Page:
For proper functioning, the human brain depends critically on the constant supply of fresh blood containing oxygen and sugars. The energy needed for the signaling processes of the neurons is provided by the oxygen and glucose in the blood.
An insufficient supply of energy to the brain (after a stroke, for example) will hamper the workings of the synapses and the molecular ion-pumps of neurons, which in turn will alter their signaling properties. This can cause (parts of) the brain to show changes in activity, both in amplitude and frequencies, which can be visible in, for example, EEG, MEG or fMRI.
This work is performed in collaboration with the Clinical Neurophysiology group and is part of the PID-ON project “ViP-Brain Network”. In this project we want to investigate the possibilities for new diagnostic methods for pathologies related to ischemia. Below is a summary of the different physiological aspects that play a role in ischemia and hypoxia.
When neurons and their supporting glial cells do not receive enough energy, the neuronal unit is not able to maintain the ionic gradients over the cell membrane that are necessary to enable spiking. When the ion concentrations change, the functioning of the neuron is altered. This changes its excitability for example.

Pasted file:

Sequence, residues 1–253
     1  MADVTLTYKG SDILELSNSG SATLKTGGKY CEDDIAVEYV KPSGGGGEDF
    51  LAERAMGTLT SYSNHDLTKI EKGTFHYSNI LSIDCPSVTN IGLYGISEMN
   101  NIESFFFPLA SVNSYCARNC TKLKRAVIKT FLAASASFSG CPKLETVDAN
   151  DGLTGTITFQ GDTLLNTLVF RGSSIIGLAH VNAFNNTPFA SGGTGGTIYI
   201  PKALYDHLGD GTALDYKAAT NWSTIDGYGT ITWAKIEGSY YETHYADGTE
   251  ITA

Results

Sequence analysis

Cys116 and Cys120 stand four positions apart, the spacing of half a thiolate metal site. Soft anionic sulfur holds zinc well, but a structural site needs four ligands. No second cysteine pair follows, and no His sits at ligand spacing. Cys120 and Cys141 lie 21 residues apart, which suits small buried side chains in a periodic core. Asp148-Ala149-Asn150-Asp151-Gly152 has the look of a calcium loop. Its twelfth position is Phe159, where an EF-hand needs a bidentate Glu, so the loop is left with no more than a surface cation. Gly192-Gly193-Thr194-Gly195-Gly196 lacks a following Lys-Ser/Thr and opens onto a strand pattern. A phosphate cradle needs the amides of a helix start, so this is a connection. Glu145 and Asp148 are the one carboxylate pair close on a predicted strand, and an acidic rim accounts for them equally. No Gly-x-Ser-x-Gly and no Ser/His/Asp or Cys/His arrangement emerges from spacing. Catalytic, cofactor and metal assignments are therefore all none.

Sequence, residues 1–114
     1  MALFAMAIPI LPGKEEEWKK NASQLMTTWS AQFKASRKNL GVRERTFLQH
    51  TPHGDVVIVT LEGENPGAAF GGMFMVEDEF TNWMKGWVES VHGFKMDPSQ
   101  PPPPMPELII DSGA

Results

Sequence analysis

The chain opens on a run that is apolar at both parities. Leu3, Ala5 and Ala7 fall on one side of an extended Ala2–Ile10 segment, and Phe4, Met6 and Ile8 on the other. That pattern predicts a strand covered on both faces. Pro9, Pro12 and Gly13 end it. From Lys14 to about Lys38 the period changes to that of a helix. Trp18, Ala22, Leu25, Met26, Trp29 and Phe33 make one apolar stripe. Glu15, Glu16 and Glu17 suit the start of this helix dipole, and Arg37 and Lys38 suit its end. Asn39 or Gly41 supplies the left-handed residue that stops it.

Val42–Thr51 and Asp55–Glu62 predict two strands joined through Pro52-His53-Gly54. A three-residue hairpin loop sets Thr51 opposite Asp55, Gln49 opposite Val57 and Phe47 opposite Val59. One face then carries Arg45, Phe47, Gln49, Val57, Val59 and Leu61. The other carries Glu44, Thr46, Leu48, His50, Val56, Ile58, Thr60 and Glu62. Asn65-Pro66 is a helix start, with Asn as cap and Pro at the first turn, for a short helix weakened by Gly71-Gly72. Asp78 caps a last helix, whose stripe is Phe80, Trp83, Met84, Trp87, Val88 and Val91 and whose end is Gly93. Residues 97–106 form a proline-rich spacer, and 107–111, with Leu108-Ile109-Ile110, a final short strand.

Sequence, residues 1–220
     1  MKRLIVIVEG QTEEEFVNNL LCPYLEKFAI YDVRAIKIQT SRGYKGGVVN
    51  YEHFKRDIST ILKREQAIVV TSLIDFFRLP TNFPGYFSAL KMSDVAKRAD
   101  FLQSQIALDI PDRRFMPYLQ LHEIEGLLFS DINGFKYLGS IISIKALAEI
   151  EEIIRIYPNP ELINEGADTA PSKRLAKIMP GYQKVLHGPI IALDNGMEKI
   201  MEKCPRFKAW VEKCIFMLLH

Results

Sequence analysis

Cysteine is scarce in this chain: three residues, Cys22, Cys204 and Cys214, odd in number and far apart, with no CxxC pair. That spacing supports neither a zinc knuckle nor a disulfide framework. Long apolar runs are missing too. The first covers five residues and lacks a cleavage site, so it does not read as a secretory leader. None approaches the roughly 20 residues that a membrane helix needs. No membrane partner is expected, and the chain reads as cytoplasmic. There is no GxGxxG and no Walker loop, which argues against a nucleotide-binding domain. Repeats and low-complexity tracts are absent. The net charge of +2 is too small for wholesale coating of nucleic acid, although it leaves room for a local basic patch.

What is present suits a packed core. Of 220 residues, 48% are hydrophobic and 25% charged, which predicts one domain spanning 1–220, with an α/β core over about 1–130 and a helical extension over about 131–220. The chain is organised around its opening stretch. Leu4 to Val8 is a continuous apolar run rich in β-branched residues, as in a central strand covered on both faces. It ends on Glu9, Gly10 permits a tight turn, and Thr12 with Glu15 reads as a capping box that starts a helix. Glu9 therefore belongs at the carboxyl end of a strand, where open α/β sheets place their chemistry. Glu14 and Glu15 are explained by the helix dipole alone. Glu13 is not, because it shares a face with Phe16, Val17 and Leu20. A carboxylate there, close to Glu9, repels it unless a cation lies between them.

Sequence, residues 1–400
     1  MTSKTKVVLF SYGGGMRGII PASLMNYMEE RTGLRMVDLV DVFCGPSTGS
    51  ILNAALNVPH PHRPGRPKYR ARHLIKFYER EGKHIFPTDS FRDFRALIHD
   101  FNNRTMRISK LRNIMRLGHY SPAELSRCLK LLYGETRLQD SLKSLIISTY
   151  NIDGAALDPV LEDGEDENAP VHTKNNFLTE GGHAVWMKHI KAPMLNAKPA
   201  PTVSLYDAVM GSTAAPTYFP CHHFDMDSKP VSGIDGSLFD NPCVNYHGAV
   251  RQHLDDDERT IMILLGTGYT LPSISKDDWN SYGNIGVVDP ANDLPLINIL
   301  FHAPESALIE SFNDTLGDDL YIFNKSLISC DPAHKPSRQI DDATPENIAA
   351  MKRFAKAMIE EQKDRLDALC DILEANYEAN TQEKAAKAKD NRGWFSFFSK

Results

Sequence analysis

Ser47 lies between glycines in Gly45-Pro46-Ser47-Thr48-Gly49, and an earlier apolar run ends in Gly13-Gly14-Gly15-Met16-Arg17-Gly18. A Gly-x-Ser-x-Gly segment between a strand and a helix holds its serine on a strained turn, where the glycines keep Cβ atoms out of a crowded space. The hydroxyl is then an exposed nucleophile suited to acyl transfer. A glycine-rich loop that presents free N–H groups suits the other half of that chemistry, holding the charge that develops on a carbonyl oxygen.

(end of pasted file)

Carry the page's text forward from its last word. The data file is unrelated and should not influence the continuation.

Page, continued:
Simulation of the membrane voltage of a Hodgkin-Huxley neuron after cessation of blood flow. The cell slowly depolarizes during the first 28 s, due to leak currents and then starts spiking when the spiking threshold is reached, causing a sudden rise in membrane voltage. The mechanisms for the experimentally often encountered period of anoxic hyperpolarization are not incorporated in this simple model.
Functioning synapses are essential for the communication between neurons. Besides being dependent on energy, they are also very vulnerable and can become permanently damaged from anoxia within several minutes of time. We are interested in the metabolic needs of the synapses and the effect of hypoxia on their functioning.
Cartoon of the recycling of neurotransmitter by an astrocyte (from Shulman, Hyder, Rothman 2002).
From the dynamics of single neurons and synapses, the behavior of a network of neurons can be calculated. Simulations containing many neurons are common and readily available. However, most simulations assume that homeostasis is maintained and new simulations of neural networks suffering from hypoxia are needed.
The transport of oxygen to the brain tissue from the blood is realized purely by diffusion from the blood vessels. We are interested in obtaining realistic oxygen distributions in tissue under different circumstances. Interesting is the heterogeneity of the cortex in both cell types and microvasculature, possibly causing some cell types to receive more energy than others when the oxygen supply partially fails.
Simulation of the oxygen concentration in tissue around a single straight capillary (color scale relative to arterial oxygen pressure). Red rectangle is the capillary (5 um x 2 cm). Dots depict randomly distributed points that consume oxygen. The oxygen pressure drops faster near the capillary when the oxygen is concentrated in red blood cells, as opposed to when the oxygen is assumed to be distributed evenly through the capillary (not shown).